7 Ways to Encourage Body Positivity

Studies show that by the time kids reach pre-adolescence “tween” years, 40% of girls consider themselves overweight. 45% of boys and girls in grades 3-6 want to be thinner. And 81% of 10 year olds are afraid of being fat.

Body positivity is a sensitive topic to address with children. Their experiences with self-esteem and body image are often fraught with mixed messages from their social environment and media. But with support from parents and loved ones, it can be achieved.

We’ve compiled 7 strategies to help you not only set the stage for your kids to have a positive and healthy experience with their bodies, but address any concerns or worries that do come up. 

1. Do Unto Others As You Would Do For Your Child

Kids learn not only from how you talk about yourself, but also from the way you speak about others. Comments like “They look too skinny” about others can send them mixed messages and derail your efforts.


2. Focus on Abilities, Not Looks

Our bodies are beautiful and strong, and have endless capabilities. Celebrate that in your child! If they’ve accomplished something great, focus on what they’ve achieved and how they felt about it.

3. “Fat” Isn’t Necessarily “Bad”

It’s important to recognize and show our children that one size doesn’t fit all bodies. Being thin isn’t the priority, being healthy is.

4. Recognize Your Own Baggage

Before opening a dialogue, it’s important to self reflect and own the background that you’re coming to the conversation with. Your feelings surrounding and experiences involving your own body image affect how you discuss the subject with your child.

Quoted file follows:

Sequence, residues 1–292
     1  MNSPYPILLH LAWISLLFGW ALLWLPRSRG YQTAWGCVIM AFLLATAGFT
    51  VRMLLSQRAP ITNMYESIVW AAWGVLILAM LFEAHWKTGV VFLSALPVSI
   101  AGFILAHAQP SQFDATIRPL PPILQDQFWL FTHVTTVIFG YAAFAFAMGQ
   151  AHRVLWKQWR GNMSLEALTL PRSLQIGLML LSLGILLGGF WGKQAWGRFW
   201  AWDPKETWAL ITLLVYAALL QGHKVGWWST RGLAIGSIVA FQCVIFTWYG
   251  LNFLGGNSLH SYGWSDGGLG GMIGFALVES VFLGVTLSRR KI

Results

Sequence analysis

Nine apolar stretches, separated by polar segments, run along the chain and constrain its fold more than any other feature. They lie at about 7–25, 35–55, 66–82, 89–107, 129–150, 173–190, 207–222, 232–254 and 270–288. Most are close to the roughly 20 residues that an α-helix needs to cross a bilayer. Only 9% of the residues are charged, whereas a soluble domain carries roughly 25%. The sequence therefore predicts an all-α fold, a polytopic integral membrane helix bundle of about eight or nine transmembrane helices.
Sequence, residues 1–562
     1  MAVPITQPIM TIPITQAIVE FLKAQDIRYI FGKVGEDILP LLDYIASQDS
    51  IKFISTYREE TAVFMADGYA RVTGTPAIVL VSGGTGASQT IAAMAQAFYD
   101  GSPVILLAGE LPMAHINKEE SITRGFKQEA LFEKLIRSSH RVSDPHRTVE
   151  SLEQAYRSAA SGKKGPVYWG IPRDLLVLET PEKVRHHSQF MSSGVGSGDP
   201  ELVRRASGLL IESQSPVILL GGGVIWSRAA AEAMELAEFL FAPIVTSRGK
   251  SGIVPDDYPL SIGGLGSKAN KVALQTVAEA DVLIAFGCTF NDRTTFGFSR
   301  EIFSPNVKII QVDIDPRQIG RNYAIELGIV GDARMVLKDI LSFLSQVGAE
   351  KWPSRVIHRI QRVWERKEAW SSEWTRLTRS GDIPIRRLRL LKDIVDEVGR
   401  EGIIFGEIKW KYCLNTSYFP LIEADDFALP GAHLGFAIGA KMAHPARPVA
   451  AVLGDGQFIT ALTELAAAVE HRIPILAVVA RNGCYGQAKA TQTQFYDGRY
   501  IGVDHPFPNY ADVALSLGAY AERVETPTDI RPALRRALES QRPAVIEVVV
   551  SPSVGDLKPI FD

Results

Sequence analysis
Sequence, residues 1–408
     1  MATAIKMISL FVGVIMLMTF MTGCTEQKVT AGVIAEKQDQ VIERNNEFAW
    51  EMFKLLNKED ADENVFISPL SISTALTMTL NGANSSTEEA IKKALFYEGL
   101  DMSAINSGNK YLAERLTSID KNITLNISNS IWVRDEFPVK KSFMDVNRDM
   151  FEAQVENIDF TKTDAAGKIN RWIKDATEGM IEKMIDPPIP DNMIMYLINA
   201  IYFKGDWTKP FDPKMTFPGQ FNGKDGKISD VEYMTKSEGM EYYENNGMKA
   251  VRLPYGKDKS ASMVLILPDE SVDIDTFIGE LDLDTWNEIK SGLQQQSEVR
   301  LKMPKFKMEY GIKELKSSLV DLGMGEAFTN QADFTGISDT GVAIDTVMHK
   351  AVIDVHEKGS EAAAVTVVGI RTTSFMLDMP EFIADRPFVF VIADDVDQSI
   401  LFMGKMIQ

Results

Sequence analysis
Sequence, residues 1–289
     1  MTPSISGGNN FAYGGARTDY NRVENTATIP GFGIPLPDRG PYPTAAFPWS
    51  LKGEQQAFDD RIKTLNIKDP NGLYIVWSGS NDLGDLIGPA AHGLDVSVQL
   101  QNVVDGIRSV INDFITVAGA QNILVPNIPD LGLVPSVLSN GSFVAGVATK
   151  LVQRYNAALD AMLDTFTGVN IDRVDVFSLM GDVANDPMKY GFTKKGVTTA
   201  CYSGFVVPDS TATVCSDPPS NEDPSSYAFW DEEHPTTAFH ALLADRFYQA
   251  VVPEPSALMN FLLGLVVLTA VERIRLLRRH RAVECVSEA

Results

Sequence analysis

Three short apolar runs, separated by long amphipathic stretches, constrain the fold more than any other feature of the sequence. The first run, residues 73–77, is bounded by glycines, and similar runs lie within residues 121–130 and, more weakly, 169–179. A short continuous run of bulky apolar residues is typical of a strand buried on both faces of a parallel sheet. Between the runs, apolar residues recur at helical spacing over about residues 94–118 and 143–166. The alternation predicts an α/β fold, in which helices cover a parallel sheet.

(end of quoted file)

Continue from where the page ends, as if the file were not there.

5. Be Open And Listen

A simple, yet incredibly important tip. Sometimes, more than lessons or knowledge, kids need a safe place to come to when they’re struggling. Being that place and being open to whatever they have to say will give you insight into their thoughts, which will better help you understand the actual problem that needs to be addressed.

Listening doesn’t have to be passive. Here are a couple of strategies to help you actively listen and engage.

Ask Open-Ended Questions

Give them a platform to share and open up. Using What, How, When, and Where questions are all great ways to explore the discussion without putting them on the spot or making them feel judged for sharing.

“What’s been making you feel bad?”

Use Their Language

Specific terms can be a minefield to navigate in a discussion about body image. Keep it simple, and use the language you hear. If they say they’ve been called chubby, use chubby instead of fat. This way, you won’t be labelling them, and they will feel heard.

These tips are a good starting place, but they aren’t the only methods out there to encourage and support positive body image and self-esteem. If you would like more resources and ideas, you can check out the following list of links:

Loneliness and Low Self-Esteem (Here’s How You Can Help!)

“You don’t understand!”